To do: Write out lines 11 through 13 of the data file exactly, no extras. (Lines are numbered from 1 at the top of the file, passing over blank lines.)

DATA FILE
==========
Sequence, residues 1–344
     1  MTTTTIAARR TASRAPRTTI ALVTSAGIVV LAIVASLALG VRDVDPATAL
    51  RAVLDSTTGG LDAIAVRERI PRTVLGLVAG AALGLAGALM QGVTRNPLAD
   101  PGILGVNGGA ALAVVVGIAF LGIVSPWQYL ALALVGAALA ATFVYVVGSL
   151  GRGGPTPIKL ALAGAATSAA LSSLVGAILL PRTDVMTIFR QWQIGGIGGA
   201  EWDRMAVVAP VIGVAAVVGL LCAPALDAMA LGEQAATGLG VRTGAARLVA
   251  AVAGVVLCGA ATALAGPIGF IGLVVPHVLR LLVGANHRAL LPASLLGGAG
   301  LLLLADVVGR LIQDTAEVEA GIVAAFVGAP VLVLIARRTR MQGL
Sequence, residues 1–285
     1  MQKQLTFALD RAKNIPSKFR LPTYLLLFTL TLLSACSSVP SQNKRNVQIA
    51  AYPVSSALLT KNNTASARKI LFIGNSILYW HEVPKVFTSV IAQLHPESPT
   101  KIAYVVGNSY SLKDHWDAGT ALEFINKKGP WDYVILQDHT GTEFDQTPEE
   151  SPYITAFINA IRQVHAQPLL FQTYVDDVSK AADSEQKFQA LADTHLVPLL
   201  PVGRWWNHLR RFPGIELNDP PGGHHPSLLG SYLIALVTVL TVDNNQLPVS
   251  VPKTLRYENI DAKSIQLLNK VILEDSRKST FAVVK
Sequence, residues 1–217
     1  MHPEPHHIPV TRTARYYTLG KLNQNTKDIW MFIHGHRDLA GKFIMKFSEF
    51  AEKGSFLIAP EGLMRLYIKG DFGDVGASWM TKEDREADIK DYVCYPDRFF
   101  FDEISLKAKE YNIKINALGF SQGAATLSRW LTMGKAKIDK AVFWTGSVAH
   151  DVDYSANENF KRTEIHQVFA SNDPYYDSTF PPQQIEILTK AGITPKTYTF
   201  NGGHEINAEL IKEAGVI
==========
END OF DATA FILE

    51  AYPVSSALLT KNNTASARKI LFIGNSILYW HEVPKVFTSV IAQLHPESPT
   101  KIAYVVGNSY SLKDHWDAGT ALEFINKKGP WDYVILQDHT GTEFDQTPEE
   151  SPYITAFINA IRQVHAQPLL FQTYVDDVSK AADSEQKFQA LADTHLVPLL